First, Radiology is intellectually challenging. A radiologist must integrate a broad base of clinical knowledge across organ systems and specialties with patient history and findings to transform pictures into diagnoses. Second, I believe that the communication and teamwork that are part of the radiologist’s everyday life are uniquely demanding. My interest in Radiology is deep-rooted and I possess the skills and qualities necessary to be an excellent intern and future radiologist. My volunteer work experiences have helped me refine and develop these qualities, and I have successfully applied them during my internships of nursing assistant. My pervious experiences and educations have helped me develop the ability to think visually, and pay strict attention to detail. While taking the program of Phlebotomy, I got the experience with quality control, infection control and safety procedures as well as laboratory computer systems. I have also learned to analyze and interpret data, work efficiently, and apply tools and science to solve practical problems. From my volunteer, academic, and professional experiences have affirmed my desire to pursue a career in Radiology. I am confident that I can apply these same skills to
Nurses are undoubtedly one of the most trusted professionals worldwide. Patients, family members, and doctors entrust nurses to provide the utmost quality care to sick individuals. Top priorities of all nurses are advocacy for their patients: including advocating for their physical health, holistic welfare, and utmost importantly, their safety. Patient safety will always be the top priority when providing patient care. The nurse’s responsibility during every patient encounter is to ensure that each patient under her care, receives no harm. As a direct result of the previous statement, it is crucial that every nurse knows their rights to refuse unsafe patient assignments, the process to refuse unsafe patient assignments, and the legal or ethical ramifications that could present themselves if proper judgement is not used. By understanding these rules, nurses not only achieve the responsibility of advocating for patient safety but also safeguard their careers and license.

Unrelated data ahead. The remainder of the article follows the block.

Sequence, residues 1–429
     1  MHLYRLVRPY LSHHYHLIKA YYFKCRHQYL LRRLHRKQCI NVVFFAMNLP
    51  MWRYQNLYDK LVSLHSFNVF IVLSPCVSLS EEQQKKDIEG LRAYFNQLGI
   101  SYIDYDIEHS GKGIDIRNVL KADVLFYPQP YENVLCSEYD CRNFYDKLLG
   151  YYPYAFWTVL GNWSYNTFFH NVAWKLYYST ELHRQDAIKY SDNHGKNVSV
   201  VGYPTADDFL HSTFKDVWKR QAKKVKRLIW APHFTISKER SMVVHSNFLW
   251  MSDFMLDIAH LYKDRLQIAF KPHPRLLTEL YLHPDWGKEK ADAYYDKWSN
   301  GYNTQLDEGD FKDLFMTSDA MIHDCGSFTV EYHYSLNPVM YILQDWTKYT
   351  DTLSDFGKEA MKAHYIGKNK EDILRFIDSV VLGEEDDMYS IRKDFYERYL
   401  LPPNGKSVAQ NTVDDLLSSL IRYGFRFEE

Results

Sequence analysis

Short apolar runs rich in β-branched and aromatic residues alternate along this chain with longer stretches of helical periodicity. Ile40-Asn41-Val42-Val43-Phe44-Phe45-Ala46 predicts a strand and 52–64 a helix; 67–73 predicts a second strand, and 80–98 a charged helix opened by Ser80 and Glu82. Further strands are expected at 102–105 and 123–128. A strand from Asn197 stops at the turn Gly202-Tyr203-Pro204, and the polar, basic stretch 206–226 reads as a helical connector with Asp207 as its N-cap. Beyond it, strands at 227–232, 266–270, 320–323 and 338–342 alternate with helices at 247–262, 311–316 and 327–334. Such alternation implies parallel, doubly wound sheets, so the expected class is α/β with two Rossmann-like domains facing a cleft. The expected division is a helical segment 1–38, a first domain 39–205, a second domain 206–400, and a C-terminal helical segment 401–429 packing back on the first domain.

Over the last several years, a wide variety of health care organizations have been facing a number of challenges. This is because of pressures associated with: rising costs, increasing demands and larger numbers of patients. For many facilities this has created a situation where patient safety issues are often overlooked. This is because the staff is facing tremendous amounts of pressure, long hours and more patients. The combination of these factors has created a situation where a variety of hospitals need to improve their patient safety procedures. In the case of Sharp Memorial Hospital, they are focused on addressing these issues through different strategies. To fully understand how they are able to achieve these objectives requires looking at: specific ways the organization has responded to the crisis in medical errors, their definition of patient safety, the causes of errors, systematic barriers and transformations that have been adopted. Together, these different elements will provide the greatest insights as to how the facility is coping with the crisis in patient safety.
Dr. Ardizzone’s lecture was extremely thought provoking and eye opening for me. Of the topics discussed in her lecture, it was interesting to learn about the systematic steps in place to promote patient safety in an institution. Additionally, the steps implemented at Memorial Sloan Kettering Cancer Center, as part of their Crisis Resource Management initiative, is commendable.